let response = reqwest::blocking::get("https://www.scrapethissite.com/pages/simple/")?;

Keep in mind that this instruction is synchronous, so execution of the script will be interrupted until the server responds.

Once you get a response, you can access the HTML code of the target page with:

let html = response.text()?;

Write those two lines in the main() function of min.rs.:

fn main() -> Result<(), Box<dyn std::error::Error>> {

    // connect to the target page

    let response = reqwest::blocking::get("https://www.scrapethissite.com/pages/simple/")?;

    // extract the raw html and print it

    let html = response.text()?;

    println!("{html}");

    Ok(())

}

If you are wondering what Result<(), Box<dyn std::error::Error>> is because we are going to use Residuals. Take also a look at the println() function at the end, which logs the retrieved HTML.

Execute the script, and it will print in the terminal:

<!doctype html>

<html lang="en">

  <head>

    <meta charset="utf-8">

    <title>Countries of the World: A Simple Example | Scrape This Site | A public sandbox for learning web scraping</title>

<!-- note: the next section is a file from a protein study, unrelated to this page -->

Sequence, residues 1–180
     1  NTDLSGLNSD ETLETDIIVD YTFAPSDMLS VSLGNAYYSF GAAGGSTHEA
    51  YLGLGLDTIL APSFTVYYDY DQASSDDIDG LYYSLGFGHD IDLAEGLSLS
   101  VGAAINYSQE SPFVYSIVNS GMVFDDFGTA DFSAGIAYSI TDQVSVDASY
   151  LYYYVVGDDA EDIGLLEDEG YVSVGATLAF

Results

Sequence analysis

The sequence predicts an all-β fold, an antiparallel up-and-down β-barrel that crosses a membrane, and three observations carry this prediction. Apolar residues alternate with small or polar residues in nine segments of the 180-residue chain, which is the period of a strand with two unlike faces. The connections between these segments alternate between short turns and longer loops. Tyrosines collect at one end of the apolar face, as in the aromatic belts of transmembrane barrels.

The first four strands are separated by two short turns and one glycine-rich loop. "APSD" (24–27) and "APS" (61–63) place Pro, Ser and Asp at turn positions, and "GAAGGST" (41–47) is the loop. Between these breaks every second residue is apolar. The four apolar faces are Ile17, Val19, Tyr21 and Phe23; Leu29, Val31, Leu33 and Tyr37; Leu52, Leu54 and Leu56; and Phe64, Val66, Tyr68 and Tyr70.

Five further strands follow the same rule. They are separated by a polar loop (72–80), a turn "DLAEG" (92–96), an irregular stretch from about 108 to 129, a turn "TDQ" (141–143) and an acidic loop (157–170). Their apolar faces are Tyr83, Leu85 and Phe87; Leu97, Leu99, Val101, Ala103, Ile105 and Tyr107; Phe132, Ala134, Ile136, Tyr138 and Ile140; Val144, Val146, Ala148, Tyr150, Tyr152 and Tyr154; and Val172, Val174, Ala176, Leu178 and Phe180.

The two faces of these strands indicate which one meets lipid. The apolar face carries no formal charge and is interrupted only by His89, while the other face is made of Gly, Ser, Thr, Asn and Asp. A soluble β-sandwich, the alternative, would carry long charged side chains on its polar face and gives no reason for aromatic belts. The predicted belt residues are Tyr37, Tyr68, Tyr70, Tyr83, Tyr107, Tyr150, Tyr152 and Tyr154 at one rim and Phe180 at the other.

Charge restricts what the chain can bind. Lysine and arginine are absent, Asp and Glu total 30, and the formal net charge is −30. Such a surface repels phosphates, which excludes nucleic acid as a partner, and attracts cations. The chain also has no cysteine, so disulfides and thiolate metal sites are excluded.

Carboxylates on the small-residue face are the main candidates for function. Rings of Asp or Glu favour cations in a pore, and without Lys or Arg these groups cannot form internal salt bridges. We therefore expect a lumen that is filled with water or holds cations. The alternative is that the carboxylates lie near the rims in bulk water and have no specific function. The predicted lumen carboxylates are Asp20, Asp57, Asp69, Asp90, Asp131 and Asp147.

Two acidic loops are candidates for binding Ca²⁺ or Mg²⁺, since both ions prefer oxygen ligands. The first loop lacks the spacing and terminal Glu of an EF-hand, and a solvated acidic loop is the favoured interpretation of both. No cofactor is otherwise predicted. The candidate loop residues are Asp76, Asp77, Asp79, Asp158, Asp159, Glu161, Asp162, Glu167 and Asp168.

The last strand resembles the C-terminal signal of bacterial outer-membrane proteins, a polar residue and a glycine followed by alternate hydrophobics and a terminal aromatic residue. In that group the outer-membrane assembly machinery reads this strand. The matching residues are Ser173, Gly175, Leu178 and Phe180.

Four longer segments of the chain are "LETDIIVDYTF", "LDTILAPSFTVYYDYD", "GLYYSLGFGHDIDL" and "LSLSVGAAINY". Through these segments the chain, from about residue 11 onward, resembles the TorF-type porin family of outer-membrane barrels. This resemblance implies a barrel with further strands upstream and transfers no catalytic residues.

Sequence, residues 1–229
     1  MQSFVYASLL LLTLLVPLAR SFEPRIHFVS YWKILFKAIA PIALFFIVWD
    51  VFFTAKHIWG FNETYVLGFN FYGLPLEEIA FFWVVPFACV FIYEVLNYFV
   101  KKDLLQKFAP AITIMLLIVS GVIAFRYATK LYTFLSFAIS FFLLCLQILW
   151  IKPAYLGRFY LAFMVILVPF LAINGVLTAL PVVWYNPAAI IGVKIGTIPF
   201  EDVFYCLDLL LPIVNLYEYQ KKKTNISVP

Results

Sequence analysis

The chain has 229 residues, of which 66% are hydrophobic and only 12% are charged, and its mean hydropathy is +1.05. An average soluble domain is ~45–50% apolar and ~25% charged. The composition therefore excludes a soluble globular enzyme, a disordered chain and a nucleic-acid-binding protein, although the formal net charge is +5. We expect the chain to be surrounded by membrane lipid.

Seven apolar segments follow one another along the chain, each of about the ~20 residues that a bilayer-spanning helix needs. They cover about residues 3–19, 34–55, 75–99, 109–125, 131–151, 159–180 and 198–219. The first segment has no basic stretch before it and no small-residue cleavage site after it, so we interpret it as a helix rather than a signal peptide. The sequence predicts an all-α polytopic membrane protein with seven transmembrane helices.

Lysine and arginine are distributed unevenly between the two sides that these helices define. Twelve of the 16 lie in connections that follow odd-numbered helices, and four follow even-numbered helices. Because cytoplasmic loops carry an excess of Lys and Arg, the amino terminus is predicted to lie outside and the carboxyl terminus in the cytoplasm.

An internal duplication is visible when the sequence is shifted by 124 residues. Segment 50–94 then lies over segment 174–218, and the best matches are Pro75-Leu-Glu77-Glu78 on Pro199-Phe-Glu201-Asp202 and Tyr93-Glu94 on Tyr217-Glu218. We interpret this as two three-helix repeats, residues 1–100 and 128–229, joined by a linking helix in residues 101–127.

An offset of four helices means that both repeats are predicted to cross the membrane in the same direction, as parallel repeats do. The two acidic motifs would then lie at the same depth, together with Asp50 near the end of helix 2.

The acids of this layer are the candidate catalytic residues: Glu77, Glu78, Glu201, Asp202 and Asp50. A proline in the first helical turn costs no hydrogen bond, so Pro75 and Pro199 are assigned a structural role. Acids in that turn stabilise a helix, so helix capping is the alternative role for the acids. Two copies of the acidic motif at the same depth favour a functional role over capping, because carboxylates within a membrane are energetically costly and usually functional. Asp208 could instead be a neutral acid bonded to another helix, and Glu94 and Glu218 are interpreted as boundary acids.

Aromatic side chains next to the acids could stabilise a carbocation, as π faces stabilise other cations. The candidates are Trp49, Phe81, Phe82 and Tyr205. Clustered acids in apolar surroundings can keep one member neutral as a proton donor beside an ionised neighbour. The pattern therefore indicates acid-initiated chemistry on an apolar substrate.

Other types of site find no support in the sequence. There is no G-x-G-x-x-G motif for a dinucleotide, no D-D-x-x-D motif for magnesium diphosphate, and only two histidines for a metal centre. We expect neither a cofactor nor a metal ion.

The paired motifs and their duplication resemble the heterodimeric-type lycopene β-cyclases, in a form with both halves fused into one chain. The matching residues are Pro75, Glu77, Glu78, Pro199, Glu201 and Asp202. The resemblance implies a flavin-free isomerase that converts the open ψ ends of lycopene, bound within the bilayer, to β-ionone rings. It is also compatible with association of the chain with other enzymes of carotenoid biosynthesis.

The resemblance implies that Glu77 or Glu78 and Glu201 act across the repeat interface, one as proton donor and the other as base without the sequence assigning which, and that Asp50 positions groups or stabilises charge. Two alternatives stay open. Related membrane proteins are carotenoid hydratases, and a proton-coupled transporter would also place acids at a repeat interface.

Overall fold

<!-- omitted for brevity... -->

Well done! That is exactly the HTML of the target page!

Step #4: Parse the HTML Document

You now have the source HTML of the desired page stored in a string variable. Feed it to the parse_document() function from scraper to parse it:

let document = scraper::Html::parse_document(&html);

The returned document object exposes the DOM exploration API you need to perform web scraping using Rust.

This is what your main.rs file should look like so far:

fn main() -> Result<(), Box<dyn std::error::Error>> {

    // connect to the target page

    let response = reqwest::blocking::get("https://www.scrapethissite.com/pages/simple/")?;

    // extract the raw html and print it

    let html = response.text()?;

    // parse the HTML document

    let document = scraper::Html::parse_document(&html);

    Ok(())

}